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‘Pokémon Detective Pikachu’ – My furry friend and me

Published:Monday | June 3, 2019 | 12:21 AMDamian Levy/Gleaner Writer
Ryan Reynolds as Pikachu with Justice Smith and Kathryn Newton in ‘Pokémon Detective Pikachu’.
Ryan Reynolds as Pikachu with Justice Smith and Kathryn Newton in ‘Pokémon Detective Pikachu’.

Pokémon is a beloved property the world over. It takes a simple concept, the combination of a young adventurer and his super powered companion, who set off on an adventure full of danger, thrills, and the occasional touching moment. Thus far, though, the series has yet to make the leap to live action films, which, of course, means it’s yet to be taken seriously by those who dismiss it based on its origins in animation and video games. Perhaps Pokémon Detective Pikachu will earn the creatures a seat at the big table.

As it starts, the film definitely takes itself more seriously than one might expect. Young Tim Goodman, played by Justice Smith, is grieving the loss of his estranged father Harry, when he happens upon his father’s Pokémon, a Pikachu with a Sherlockian hat and a penchant for caffeine. To Tim’s surprise, he’s able to have fully fledged conversations with Pikachu. Whereas normally, the creature would be limited in a Groot-like fashion to repeating “Pikachu”, he’s now able to sound like Ryan Reynolds doing a mild version of Deadpool dialogue. Together, the two try and solve the mystery of Harry’s murder – who may, in fact, not be dead after all.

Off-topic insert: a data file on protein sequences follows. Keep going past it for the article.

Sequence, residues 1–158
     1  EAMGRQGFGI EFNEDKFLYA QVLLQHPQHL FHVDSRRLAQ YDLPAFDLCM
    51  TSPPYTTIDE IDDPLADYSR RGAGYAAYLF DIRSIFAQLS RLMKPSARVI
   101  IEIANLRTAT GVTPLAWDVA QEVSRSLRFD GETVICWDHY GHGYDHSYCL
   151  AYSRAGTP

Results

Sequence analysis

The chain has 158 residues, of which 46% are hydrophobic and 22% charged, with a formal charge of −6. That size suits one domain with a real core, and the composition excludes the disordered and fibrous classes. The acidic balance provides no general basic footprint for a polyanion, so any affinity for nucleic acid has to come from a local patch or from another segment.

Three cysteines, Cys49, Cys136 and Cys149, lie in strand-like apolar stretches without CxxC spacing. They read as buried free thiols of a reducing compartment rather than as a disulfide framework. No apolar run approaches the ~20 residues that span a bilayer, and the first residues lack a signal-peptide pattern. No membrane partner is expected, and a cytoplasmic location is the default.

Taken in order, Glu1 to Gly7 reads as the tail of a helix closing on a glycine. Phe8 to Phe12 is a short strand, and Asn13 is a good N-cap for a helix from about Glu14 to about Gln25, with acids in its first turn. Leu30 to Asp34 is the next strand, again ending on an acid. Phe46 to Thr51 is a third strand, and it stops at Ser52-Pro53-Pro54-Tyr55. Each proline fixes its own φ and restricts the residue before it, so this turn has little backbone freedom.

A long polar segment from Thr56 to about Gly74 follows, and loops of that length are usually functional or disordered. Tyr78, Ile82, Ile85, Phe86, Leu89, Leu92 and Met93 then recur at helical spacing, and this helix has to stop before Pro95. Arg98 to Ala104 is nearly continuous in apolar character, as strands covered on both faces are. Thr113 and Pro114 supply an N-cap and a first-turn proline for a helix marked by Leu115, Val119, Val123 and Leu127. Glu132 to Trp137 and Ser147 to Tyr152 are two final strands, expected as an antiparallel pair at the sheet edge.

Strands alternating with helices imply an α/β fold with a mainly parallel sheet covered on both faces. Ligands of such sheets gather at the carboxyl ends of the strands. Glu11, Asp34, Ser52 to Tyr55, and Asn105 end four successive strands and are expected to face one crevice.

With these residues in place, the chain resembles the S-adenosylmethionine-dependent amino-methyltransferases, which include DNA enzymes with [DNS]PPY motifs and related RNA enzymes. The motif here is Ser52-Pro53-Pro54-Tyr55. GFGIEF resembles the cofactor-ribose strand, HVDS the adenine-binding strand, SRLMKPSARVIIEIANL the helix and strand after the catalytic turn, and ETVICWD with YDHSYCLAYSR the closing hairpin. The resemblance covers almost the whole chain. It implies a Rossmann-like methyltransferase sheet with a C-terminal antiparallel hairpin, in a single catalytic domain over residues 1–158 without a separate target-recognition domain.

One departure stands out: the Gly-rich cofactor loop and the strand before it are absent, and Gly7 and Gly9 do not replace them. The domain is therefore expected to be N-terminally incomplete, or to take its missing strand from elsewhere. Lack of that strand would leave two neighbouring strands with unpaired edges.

I quite liked how Detective Pikachu was able to ease viewers into this fantastical world. You’re eased into a world that looks not unlike our own, but the birds chirping and frogs leaping through a stream are replaced with their poke-equivalents. Towards the middle of the film, Tim and Pikachu are in Ryme City, a Pokémon-human utopia, where the frame could have at least a dozen different Pokémon ready to be spotted by the eagle-eyed viewer. It’s not unlike the world of Who Framed Roger Rabbit. The similarities are no mistake. Detective Pikachu wears its influences on its sleeve, and has the sensibilities of a Stephen Spielberg-produced picture.

At the heart of the film is the duo of Reynolds and Smith. The two deliver some really moving drama, which is a welcome break from a barrage of jokes that don’t always land. There are a few pacing issues. The first two acts take their time, a little too much of it, resulting in a third act that feels rushed. Still, for the trouble it has telling its story, its world and its characters make up for it in spades.

Rating: Half-Price